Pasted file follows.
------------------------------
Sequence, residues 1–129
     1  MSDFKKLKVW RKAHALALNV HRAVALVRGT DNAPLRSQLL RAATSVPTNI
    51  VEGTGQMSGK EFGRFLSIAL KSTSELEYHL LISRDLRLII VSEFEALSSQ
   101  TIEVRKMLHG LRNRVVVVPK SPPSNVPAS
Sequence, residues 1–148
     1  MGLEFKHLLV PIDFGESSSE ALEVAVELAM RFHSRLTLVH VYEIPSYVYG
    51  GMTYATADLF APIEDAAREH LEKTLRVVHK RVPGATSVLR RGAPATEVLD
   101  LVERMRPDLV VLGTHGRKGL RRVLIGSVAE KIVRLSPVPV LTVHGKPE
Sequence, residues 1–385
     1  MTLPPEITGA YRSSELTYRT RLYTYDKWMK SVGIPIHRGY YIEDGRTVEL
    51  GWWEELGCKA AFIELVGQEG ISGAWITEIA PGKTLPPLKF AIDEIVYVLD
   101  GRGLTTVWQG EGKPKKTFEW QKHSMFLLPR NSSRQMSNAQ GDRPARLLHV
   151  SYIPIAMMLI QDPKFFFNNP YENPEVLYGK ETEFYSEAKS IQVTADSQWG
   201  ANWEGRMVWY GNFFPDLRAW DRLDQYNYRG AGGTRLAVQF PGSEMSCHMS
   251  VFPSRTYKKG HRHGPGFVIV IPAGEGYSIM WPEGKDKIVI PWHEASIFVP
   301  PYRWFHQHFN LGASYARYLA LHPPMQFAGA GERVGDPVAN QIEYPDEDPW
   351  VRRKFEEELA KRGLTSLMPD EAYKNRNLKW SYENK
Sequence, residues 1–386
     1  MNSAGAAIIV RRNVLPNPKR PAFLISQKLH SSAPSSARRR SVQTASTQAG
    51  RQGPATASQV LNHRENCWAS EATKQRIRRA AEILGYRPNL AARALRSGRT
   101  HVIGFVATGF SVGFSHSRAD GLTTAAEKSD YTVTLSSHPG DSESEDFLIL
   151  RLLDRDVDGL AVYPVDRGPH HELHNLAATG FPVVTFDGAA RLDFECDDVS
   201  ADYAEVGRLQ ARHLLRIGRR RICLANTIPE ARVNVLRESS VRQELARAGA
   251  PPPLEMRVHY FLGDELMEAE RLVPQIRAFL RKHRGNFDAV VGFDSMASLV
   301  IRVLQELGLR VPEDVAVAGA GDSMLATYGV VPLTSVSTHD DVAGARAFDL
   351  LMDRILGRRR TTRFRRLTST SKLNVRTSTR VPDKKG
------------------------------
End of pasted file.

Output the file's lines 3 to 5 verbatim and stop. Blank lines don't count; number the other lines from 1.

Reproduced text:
    51  VEGTGQMSGK EFGRFLSIAL KSTSELEYHL LISRDLRLII VSEFEALSSQ
   101  TIEVRKMLHG LRNRVVVVPK SPPSNVPAS
Sequence, residues 1–148